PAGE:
Someone came in my studio a while ago and exclaimed, “it is rare for me to see artwork that I want to own. I usually find myself saying…I could do that! I don’t have artwork on my walls because I like looking at clean and empty space. The walls of my house are a blank canvas. However, when I saw Mary Jane Miller’s Icons, I wanted one “. One student said, ” one of her classes changed me, on the inside. Icons are truly a window into another dimension, a heavenly dimension. When I look at Mary Jane’s work I am transported; I am filled with peace”.
Kelly Vandiver asked me in an interview.
I asked Mary Jane about her unusual pieces and believe me when I say she is very creative and marches to her own drum. She mixes Art and Spirituality,and has the Love of Being Bold. Occasionally, she will paint a Buddha Icon, an icon of Christ the pantocrator as an alien, paintings of the “Last Supper”, but with very different (from the traditional) settings like in a Middle Eastern silk tent, African tribes women and even Krishna with his disciples.
1. Mary Jane, how were you first introduced to painting Icons?
More than twenty years ago I took a workshop as a kindness to a friend that organized a workshop and didn’t have enough people to pay the instructor. The instructor was an benedictine priest/orthodox iconographer. He taught the icon workshop with acrylics. The painting experience was of no consequence to me but his 15 minute lecture/slide show every morning for 5 days introduced and allowed me to fall in love with the imagery and history of icon painting as a language of prayer.
2. Talk a little about the spiritual aspects involved in painting an Icon?
The use of egg tempera is a spiritual experience by its very nature. Egg yolk, the raw potential for life and million year old dirt combine to create divine image. As basic and simple as it is, over time one begins to see the simplicity of Christ’s message. The practice has taught me one thing over and over. Humans are made of for living (symbolic egg yolk, potential for life) and flesh (symbolic dirt or dust of the earth you might say) and we are actually living walking icons of Christ consciousness.
3. How does it make you feel knowing you have successfully merged your career and your spirituality?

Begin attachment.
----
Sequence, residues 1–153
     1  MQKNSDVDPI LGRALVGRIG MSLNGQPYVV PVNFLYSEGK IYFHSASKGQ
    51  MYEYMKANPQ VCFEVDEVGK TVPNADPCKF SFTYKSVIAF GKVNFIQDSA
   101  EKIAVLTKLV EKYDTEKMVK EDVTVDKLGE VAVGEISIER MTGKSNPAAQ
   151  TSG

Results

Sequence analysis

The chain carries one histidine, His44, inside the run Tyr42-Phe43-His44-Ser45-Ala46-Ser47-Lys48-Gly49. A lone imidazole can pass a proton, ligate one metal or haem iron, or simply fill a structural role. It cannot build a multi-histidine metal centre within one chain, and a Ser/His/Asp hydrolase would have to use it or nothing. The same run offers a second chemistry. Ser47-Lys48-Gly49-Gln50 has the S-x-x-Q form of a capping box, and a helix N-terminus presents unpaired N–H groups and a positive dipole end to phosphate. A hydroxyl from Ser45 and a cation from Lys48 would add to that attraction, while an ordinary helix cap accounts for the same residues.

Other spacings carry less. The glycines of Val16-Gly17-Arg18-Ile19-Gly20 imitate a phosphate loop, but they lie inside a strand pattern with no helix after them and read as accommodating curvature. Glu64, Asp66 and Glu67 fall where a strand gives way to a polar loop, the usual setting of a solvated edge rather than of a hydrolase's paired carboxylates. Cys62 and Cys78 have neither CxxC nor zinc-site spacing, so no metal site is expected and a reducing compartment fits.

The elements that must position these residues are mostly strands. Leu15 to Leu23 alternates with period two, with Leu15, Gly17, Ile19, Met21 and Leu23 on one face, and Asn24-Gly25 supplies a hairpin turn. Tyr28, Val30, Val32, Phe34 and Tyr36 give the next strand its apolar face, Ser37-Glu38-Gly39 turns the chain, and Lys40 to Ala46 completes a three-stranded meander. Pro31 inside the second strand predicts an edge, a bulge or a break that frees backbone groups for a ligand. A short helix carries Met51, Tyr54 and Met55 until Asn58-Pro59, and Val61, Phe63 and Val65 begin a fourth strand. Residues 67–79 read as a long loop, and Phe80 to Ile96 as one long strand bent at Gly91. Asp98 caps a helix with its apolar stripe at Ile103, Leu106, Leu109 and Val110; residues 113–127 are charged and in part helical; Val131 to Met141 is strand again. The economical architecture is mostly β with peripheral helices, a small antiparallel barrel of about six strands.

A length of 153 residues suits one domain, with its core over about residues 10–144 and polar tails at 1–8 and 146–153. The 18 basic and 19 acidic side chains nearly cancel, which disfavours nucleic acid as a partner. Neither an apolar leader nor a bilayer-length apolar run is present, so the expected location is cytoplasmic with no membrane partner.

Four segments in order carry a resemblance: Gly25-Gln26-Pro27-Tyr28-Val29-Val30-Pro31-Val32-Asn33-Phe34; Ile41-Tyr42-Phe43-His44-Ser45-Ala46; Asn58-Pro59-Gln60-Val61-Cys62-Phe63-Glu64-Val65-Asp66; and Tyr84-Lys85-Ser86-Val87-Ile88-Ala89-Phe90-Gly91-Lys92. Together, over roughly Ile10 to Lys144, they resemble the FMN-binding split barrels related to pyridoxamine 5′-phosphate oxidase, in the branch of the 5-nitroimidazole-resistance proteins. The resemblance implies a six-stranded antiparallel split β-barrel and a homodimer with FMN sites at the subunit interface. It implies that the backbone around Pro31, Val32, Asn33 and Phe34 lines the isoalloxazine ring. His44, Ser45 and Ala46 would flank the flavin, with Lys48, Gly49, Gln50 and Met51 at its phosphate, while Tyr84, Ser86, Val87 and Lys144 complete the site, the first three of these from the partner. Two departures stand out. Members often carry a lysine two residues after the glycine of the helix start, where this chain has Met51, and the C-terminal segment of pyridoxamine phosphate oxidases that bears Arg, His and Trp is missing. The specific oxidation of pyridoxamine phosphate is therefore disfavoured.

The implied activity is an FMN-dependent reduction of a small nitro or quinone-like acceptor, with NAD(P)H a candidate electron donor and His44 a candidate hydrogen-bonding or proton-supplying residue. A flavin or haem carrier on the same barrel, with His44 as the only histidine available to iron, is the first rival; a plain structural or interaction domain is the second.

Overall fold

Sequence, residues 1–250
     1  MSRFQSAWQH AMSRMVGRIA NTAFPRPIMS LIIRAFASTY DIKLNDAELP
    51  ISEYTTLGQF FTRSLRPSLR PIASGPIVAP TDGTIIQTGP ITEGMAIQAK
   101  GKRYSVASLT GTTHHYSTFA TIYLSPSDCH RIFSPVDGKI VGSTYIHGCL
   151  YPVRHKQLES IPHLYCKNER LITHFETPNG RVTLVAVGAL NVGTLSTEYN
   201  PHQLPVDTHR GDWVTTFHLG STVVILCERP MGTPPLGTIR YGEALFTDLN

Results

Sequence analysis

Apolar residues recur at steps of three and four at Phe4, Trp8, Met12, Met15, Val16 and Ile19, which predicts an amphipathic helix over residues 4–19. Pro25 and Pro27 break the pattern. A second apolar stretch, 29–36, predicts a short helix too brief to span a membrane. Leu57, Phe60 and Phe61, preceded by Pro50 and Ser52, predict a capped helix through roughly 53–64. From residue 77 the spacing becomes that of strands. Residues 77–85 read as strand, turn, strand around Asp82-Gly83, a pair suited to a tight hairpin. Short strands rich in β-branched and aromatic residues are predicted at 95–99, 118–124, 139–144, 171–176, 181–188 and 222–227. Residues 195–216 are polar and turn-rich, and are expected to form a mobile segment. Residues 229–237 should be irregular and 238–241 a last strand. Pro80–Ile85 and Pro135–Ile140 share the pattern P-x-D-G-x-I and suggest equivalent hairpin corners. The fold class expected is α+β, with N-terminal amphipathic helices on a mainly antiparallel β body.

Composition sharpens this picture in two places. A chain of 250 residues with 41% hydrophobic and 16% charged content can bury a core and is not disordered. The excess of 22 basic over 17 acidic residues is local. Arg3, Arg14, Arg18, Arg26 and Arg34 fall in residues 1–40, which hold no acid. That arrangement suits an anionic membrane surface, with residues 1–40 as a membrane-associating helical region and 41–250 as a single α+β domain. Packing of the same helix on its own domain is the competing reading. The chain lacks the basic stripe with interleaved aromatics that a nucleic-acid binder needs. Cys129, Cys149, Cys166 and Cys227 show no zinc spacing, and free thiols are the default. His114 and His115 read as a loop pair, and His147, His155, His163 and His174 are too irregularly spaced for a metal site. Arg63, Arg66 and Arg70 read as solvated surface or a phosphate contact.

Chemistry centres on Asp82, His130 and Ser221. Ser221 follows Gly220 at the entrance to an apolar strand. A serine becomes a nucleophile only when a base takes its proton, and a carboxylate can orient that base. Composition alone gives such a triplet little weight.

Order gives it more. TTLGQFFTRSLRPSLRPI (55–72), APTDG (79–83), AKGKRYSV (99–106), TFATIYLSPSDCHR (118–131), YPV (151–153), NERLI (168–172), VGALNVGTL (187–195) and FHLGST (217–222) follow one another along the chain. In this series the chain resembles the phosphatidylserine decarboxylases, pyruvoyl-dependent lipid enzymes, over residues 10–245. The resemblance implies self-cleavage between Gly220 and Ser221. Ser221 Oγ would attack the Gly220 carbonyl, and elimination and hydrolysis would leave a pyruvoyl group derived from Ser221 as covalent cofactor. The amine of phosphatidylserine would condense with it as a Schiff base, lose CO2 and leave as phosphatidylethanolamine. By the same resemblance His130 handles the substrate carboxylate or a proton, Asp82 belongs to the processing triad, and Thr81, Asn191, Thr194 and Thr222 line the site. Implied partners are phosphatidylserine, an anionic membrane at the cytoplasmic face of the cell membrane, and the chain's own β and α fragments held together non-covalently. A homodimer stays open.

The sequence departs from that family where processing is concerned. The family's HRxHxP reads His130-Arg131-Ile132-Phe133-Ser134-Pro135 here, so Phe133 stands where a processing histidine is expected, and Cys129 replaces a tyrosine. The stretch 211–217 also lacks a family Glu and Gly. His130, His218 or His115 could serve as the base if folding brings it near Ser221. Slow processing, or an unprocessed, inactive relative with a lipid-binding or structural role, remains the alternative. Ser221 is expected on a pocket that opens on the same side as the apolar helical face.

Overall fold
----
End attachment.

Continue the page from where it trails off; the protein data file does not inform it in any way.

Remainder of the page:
It’s challenging and humbling. I have been given the special gift of finding out what i love to do and merge it with a daily life activity. Pray and paint. I often look at my hands and wonder how can these hands belong to me?
4. Talk a little about what makes your Icons so unique?
Are they? I try to find myself and the spirit of god as I paint. The final image always falls slightly short. Short enough to want to try painting another icon, and so it goes week after week.
5. What do you hope people take away from viewing your Icons?
If they have one thought about the mystery of why are we here, I would consider the finished work a gift to the world and a good reason for me to keep working. I feel the world needs sacred art, after all, think of the thousands of tourist going everywhere around the globe to stand on sacred ground. It is expensive to travel. i can travel in an icon if i look at one long enough. The hope is for the work to make people stop and reflect for one minute each day. I suppose it is a lot to ask from a work of art, but i try.
6. What projects are you currently working on?
Recently published on Lulu.com In Light of Women. My own journey with icons looking for the answer to why there are so few women portrayed in this great tradition. We are finding our voice around the globe, i want the christian church in general to sustain the debate until both men and women we we are all human being in one God. The other popular book from years ago is the icon painting hand book, “Icon Painting Techniques”,
Both great in any collection or icon painting artists and those who love spirituality.
Art and Spirituality, the Love of Being Bold